He hopes that Honey Bee Awareness Day will "help highlight this important role, as well as the significant threat honey bees now face from the phenomenon known as colony collapse disorder (CCD)."
"The role" and "the threat"--two good reasons to increase public awareness.
We bee-lieve, however, that we shouldn't limit National Honey Bee Awareness Day to a single day in August. The entire month should be National Honey Bee Awareness Month.
Honey Bee on Almond
Honey Bee on Buckwheat
Eric Mussen, Extension apiculturist and member of the UC Davis Department of Entomology faculty:
Honey bees can fly a distance of about two to two-and-a-half miles.
Golf courses are not bee friendly. There's no forage for bees. Water run-off, containing fertilizer, insecticides and fungicides, is toxic to bees. So, if you're a beekeeper, you know NOT to keep your bees within two and a half miles of a golf course.
With honey bees, PMS means "Parasitic Mite Syndrome."
Beekeeping is big--and getting bigger--in San Francisco. Her Majesty's Secret Beekeeper, a newly opened beekeeping supply and honey shop in San Francisco (3520 20th St.), has received requests from 450 people who wish to be notified of the next beginning beekeeper class. The store just opened June 29.
Globally, there are more than 19,500 identified species of bees; the honey bee is just one of them. California alone has some 20,000 to 30,000 species of bees.
A squash flower opens early in the morning, often before sunrise. Native pollinators known as "squash bees" specialize in nectaring squash and other members of the cucurbits family. Later in the day, the blossom closes. If you open a folded blossom, you might see a male squash bee inside. The male likes to spend the night tucked inside the folded blossom.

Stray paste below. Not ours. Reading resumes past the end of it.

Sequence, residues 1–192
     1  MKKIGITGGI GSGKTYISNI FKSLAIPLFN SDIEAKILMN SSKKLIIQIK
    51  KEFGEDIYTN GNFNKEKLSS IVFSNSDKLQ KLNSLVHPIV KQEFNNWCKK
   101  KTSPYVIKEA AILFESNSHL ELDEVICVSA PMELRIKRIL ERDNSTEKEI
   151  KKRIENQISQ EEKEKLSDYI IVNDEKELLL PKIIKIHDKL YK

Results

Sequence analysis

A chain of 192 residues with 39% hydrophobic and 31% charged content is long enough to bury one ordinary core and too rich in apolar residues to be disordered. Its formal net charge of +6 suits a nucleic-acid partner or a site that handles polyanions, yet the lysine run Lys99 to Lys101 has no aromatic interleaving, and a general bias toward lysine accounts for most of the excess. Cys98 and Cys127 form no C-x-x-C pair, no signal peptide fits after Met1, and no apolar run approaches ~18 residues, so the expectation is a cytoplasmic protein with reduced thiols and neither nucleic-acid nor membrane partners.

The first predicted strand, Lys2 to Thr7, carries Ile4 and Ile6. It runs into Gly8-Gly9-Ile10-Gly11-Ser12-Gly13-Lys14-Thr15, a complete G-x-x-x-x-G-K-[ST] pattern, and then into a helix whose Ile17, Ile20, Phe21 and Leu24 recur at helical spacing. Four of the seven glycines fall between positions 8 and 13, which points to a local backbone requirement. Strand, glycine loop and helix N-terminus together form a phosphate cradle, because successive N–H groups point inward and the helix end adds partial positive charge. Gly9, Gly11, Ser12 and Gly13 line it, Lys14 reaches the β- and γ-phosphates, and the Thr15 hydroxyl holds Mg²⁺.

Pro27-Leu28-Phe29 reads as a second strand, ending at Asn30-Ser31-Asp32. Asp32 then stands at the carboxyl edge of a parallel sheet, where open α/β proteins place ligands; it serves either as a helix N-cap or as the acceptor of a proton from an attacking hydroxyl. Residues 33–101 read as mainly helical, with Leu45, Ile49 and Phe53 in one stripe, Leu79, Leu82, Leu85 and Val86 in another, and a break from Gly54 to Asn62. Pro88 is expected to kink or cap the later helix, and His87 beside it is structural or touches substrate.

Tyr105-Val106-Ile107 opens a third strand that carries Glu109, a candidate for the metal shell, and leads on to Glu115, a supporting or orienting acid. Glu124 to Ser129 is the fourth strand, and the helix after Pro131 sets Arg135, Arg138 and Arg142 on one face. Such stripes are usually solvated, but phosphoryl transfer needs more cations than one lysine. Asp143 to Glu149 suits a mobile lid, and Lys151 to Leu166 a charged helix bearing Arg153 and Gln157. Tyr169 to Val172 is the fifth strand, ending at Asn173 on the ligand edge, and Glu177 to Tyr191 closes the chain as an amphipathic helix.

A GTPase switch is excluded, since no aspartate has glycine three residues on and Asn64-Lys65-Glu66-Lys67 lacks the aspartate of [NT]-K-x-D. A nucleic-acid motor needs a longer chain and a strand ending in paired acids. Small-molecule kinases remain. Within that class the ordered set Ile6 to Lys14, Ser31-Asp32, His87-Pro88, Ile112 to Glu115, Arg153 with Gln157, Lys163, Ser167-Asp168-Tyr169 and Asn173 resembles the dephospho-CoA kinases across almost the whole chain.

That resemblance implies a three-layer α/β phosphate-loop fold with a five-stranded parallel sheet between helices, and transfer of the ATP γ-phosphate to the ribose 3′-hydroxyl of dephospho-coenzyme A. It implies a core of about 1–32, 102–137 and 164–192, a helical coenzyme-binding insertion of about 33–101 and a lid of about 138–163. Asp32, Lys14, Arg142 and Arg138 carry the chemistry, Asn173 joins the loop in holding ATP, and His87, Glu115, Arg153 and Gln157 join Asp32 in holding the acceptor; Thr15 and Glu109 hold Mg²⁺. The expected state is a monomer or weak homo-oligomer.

It's not true that a typical hive contains only one queen bee. Twenty percent of hives have a queen daughter living there as well. Bottom line: bees don't read the books that say "one queen to a hive." Eventually, the old queen leaves (she swarms, dies, or is killed by worker bees).
The Western Apicultural Society (WAS) conference, taking place this week in the Dry Creek Inn, Healdsburg, is drawing a lot of interest.
Extension Apiculturist Eric Mussen, member of the UC Davis Department of Entomology, is finishing his yearlong term as president of WAS.
The key point: Honey bees are in trouble. The beekeepers and scientists attending the conference are receiving up-to-date, unpublished research on colony collapse disorder (CDD) the mysterious phenomonen characterized by adult bees abandoning their hive, leaving behind the brood and food storage.
No one knows what causes CCD, but it's thought to be a combination of factors: diseases, pesticides, viruses, stress, pests, malnutrition, and weather changes.
What's new: newly discovered pathogens are landing on the suspect list. Expect to hear more about these new pathogens later this year when the research is published.
It's rather ironic--but expected--that honey bees are nectaring the flowers outside the conference room as the participants are discussing bee health.
The bees will return to their hives and perform round dances and waggle dances to let their sisters know the direction and quality of the food source.
They have a keen sense of direction, like built-in clocks based on a sun-compass orientation.
But for humans, another clock is ticking...